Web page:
Should I can in my electric multi-cooker appliance?
Even if there are instructions for pressure canning in the manufacturer’s directions, we do not support the use of the USDA canning processes in the electric, multi-cooker appliances now containing “canning” or “steam canning” buttons on their front panels. Our pressure process directions have not been developed for that type of appliance, and the canner being used does matter. Our recommendations were determined for stovetop pressure canners which hold four or more quart-size jars standing upright.
We do not know if proper thermal process development work has been done in order to justify the canning advice that is distributed with these pressure multi-cooker appliances. What we do know is that our canning processes are not recommended for use in electric pressure multi-cookers at this time.
Some of the major reasons we cannot recommend using electric multi-cookers for pressure canning:
1. Thermal process canning work relates the temperatures in the jars to the temperature inside the canner throughout the processing. No USDA thermal process work has been done with jars inside an electric pressure cooker, tracking the actual temperatures inside the jars throughout the process. It is ultimately the temperature and heat distribution inside the jars that matters for the destruction of microorganism in the food product. The position of jars in the canner and flow of steam around them also impacts the temperature in the jars. For example, there would be expected differences in jars piled together on their sides from those standing upright on the canner base.
2. What matters is temperature, not pressure. One manufacturer says its cooker reaches the pressure required for canning, that alone does not prove the food in the jars is heated throughout at the same rate as in the canner used for process development. A manufacturer should do process development work to document temperatures throughout the unit at a given pressure and throughout the whole process time. Just producing an interior pressure is not sufficient data for canning recommendations. For example, if air is mixed in the steam, the temperature is lower than the same pressure of pure steam. That’s why a proper venting process is so important in pressure canning – to obtain a pure steam environment inside the canner. Also, one has to know how to make adjustments in pressure readings at higher altitudes. The same pressure and process time combination cannot be used at all altitudes.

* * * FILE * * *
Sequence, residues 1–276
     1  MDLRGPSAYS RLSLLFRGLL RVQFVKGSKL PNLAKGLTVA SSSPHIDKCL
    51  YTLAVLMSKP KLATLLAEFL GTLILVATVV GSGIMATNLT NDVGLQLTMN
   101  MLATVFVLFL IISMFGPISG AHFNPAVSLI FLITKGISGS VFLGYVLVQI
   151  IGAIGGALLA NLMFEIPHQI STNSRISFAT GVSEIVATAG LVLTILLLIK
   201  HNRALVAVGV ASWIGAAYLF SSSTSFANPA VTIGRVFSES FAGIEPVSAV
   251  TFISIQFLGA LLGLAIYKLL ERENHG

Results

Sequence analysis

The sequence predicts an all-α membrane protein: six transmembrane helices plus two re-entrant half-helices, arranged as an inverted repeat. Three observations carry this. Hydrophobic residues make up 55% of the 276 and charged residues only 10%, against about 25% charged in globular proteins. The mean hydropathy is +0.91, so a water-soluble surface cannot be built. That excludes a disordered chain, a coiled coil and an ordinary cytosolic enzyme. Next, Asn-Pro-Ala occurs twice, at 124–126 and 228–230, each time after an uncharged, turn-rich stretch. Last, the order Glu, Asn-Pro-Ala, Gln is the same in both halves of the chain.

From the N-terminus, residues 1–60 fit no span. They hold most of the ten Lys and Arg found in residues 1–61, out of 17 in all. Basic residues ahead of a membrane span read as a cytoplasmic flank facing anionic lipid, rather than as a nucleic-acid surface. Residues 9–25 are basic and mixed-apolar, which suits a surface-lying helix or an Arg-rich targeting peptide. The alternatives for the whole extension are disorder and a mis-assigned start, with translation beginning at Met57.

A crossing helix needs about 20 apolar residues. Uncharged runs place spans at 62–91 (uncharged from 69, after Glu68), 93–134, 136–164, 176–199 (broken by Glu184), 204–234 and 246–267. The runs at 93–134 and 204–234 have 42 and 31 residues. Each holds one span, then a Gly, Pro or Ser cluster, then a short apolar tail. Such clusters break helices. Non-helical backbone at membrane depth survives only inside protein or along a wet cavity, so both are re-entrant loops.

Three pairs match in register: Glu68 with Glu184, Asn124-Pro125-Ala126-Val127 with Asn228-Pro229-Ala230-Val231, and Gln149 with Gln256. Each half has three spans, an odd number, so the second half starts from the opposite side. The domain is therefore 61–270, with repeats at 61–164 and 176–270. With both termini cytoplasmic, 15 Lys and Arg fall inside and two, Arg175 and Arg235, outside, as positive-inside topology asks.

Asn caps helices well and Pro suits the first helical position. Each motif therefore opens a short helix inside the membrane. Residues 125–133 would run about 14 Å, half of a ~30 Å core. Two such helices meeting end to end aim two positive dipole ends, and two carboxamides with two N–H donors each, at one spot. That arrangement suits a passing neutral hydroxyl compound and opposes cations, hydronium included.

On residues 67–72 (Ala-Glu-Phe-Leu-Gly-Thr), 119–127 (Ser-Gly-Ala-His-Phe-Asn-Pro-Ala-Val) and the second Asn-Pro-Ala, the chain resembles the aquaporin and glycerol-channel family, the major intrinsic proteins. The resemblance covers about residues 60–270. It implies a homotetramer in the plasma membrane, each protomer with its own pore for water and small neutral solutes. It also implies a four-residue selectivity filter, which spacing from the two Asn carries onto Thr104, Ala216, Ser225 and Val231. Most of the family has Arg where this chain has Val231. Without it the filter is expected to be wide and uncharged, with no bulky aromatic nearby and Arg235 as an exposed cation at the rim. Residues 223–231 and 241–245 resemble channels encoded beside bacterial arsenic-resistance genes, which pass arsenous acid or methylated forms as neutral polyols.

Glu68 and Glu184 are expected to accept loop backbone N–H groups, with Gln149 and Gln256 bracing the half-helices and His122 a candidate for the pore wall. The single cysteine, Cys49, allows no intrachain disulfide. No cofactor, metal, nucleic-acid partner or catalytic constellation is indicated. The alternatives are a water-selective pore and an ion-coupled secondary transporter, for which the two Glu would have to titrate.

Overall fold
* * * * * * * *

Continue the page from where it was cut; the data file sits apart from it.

3. In order to ensure the safety of the final product, the temperature in the canner must stay at minimum throughout the process time. Do power surges or drops with an electric canner cause the temperature to drop too low? How will you the user know if that happens with your cooker?
4. One of the big concerns is that the USDA low-acid pressure process times rely on a combination of heat from the time the canner is coming to pressure, during the actual process time, and then during the early stages of cooling the canner and jars. Even after the heat is turned off under the canner, at the end of the recommended process time, the food remains at high enough temperatures for another period of time that can still contribute to killing of bacteria. This retained heat while the canner has to cool naturally to 0 pounds pressure before opening is used to advantage in calculating the total sterilizing value of the process to preserve some food quality. If anything is done to shorten the cooling period, including using a very small cooker, then the food could cool down more quickly, and be under-processed. (That is why we recommend using only pressure cookers that hold four or more quart-size jars.) Bacteria are not killed in the food only during the process time; the time it takes the canner to come up to pressure, the process time, and the cool-down time all matter. There is no way at this point in time to know exactly the percentage of contribution from cooling for each of the canning recommendations.
Please note: This statement about electric cookers does NOT include the Ball Automatic Home Canner for acid foods only, which is electric, but (1) is not a “multi-cooker”, but a dedicated canner, (2) comes with its own instructions and pre-set canning options for specific food preparations, and (3) has had proper thermal process development done to support the recommendations with it. Jarden Home Brands also sells an electric boiling water canner, but it is not a pressurized appliance and for canning purposes operates similar to a traditional boiling water canner. Directions from the manufacturer for this Ball canner, as well as for the Weck non-pressurized electric boiling water canners, should be followed to get them assembled and for managing temperature settings to achieve a boiling process.
For more information about canning in pressure cookers, please read Burning Issue: Canning in Pressure Cookers.
May 12, 2016
National Center for Home Food Preservation